A new Stanford University study has found an "activity inequality" around the world — in countries with high rates of obesity, there is greater variation in the number of steps people walk each day compared to populations with lower rates of obesity. And, one of the biggest contrasts is between men and women. The study's findings, analyzed from smartphone step-count data from more than 700,000 people in 111 countries, should inform policies to curb obesity, researchers wrote.

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Data: Activity Inequality Project; Chart: Andrew Witherspoon / Axios

Key findings:There's a gender gap: In every country studied by the researchers, men logged more daily steps than women. But in certain countries, such as Qatar and Saudi Arabia, results showed that men walked nearly 40% more than women. The U.S. also had one of the largest gender gaps, with men walking 25% more than women.Inactivity is worse for women than men, according to findings. Women who walked about 1,000 steps per day were more than 3 times as likely to be obese than women who walked about 10,000 steps. Similarly inactive men were less than twice as likely to be obese than their active counterparts. The obesity rate was 30% for both men and women who logged around 1,000 daily steps. Limitations: Smartphone algorithms and apps aren't entirely accurate at measuring steps, and researchers are limited by who can afford to use them. Data was therefore largely collected from relatively wealthy people, though smartphones are gaining popularity even in developing nations. Still, the study did not include low-income countries.

Go deeper: 2.2 billion people worldwide are obese or overweight.

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Liberty University's Jerry Falwell Jr. agrees to “indefinite leave of absence”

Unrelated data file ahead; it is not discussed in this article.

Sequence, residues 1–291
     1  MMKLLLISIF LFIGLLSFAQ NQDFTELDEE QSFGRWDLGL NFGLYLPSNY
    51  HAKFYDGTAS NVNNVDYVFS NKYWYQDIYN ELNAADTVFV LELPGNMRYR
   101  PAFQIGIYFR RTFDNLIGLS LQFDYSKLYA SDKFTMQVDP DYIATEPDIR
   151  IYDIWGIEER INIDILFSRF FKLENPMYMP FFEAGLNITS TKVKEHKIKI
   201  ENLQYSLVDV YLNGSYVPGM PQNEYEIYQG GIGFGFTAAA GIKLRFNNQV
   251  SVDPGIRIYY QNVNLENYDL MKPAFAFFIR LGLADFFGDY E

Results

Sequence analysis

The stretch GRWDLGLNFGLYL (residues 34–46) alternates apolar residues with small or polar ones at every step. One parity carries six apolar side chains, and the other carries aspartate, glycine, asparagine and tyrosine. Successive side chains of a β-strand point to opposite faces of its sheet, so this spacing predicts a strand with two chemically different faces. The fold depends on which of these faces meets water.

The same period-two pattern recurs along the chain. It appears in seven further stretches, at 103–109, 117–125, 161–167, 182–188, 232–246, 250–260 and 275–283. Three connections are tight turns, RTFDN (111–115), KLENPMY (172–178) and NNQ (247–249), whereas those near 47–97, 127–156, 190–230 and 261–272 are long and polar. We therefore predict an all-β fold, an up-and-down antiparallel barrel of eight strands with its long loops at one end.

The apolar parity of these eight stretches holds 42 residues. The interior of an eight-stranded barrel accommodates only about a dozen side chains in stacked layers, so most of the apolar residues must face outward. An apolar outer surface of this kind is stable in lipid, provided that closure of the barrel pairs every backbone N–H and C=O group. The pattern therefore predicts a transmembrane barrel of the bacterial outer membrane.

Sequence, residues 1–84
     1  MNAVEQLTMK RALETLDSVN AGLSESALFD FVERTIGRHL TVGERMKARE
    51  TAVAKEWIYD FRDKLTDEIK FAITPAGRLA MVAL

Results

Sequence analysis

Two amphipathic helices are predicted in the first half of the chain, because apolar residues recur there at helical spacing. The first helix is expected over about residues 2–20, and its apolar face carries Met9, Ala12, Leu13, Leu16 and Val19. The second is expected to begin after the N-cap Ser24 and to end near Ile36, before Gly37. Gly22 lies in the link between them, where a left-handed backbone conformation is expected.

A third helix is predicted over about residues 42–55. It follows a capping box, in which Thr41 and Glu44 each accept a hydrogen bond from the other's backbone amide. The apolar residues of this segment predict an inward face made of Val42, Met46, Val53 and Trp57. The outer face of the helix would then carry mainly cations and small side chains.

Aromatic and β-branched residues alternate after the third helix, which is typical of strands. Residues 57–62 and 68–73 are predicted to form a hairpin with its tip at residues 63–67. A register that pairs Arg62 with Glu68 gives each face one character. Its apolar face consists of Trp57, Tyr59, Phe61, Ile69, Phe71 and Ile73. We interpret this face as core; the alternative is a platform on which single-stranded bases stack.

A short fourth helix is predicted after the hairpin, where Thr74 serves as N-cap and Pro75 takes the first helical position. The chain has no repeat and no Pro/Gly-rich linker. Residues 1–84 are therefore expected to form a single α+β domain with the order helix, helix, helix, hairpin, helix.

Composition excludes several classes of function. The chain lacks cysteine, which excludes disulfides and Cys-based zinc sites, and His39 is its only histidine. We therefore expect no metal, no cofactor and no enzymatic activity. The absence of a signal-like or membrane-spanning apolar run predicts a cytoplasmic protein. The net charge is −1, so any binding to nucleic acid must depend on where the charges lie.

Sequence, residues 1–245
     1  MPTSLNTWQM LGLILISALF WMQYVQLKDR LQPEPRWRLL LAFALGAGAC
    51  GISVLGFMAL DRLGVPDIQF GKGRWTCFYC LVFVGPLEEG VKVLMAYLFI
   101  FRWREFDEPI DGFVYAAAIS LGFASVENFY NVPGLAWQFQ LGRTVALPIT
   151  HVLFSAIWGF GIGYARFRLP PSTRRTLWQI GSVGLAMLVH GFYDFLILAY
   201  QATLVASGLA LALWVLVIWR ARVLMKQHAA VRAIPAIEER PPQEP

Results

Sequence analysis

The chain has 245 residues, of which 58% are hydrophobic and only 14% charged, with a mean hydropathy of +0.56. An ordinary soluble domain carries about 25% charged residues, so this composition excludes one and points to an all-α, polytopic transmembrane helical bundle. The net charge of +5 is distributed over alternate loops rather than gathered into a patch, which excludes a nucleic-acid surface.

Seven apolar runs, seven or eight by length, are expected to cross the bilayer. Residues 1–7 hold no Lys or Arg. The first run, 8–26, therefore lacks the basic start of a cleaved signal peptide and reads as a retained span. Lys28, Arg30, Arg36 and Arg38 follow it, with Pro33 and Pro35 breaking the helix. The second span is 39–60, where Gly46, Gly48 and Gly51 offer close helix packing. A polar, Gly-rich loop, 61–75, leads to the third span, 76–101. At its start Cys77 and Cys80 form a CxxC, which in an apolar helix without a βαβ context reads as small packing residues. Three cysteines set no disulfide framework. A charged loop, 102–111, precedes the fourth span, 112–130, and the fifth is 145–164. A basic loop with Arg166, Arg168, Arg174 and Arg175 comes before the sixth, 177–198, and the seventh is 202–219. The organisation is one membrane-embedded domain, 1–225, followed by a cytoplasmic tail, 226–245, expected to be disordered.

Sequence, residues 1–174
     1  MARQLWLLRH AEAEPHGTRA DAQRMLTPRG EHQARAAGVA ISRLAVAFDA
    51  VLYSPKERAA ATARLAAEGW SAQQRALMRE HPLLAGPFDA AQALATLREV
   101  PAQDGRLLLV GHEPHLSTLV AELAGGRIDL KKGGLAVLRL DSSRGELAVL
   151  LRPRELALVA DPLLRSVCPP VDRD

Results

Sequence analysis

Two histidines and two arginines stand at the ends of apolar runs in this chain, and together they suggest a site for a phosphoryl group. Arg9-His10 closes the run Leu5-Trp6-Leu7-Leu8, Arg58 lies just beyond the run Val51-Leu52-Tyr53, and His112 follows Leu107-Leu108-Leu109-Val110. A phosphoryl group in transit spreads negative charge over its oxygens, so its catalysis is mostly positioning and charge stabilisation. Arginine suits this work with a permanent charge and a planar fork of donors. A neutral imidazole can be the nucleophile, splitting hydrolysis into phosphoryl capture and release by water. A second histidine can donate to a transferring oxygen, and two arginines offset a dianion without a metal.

Liberty University President Jerry Falwell Jr. in 2019. Photo: Ethan Miller/Getty Images

Jerry Falwell Jr. will take an “indefinite leave of absence” from his roles as president and chancellor of Liberty University after posting a photo of himself with unzipped pants and an arm around a woman on social media, according to the school.

The state of play: The picture, which has since been deleted, drew backlash and charges of hypocrisy from conservative political figures because the university's honor code strictly prohibits students from having "sexual relations outside of a biblically-ordained marriage," and recommends they dress with“appropriateness” and “modesty."

Updated 2 hours ago - Politics & Policy

Coronavirus dashboard

Illustration: Sarah Grillo/Axios

  1. Global: Total confirmed cases as of 4 p.m. ET: 19,189,737 — Total deaths: 716,669 — Total recoveries — 11,610,192Map.
  2. U.S.: Total confirmed cases as of 4 p.m. ET: 4,917,050 — Total deaths: 160,702 — Total recoveries: 1,598,624 — Total tests: 59,652,675Map.
  3. Politics: White House recommends Trump issue executive orders on coronavirus aid.
  4. Education: Cuomo says all New York schools can reopen for in-person learning.
  5. Public health: Surgeon general urges flu shots to prevent "double whammy" with coronavirus.
  6. World: Africa records over 1 million coronavirus cases — Gates Foundation puts $150 million behind coronavirus vaccine production.

White House recommends Trump issue executive orders on coronavirus aid

Treasury Secretary Steve Mnuchin (L) and White House Chief of Staff Mark Meadows speak to the media on Capitol Hill. Photo: Mandel Ngan/AFP via Getty Images.

White House chief of staff Mark Meadows and Treasury Secretary Steven Mnuchin said President Trump should sign executive orders unilaterally addressing coronavirus stimulus spending after negotiations with congressional Democrats stalled again on Friday.

Why it matters: Friday was viewed as a self-imposed deadline to negotiate a new relief bill. But after an intense week of negotiations on Capitol Hill, White House and Democratic leadership failed to reach a deal on delivering much needed aid to Americans and businesses.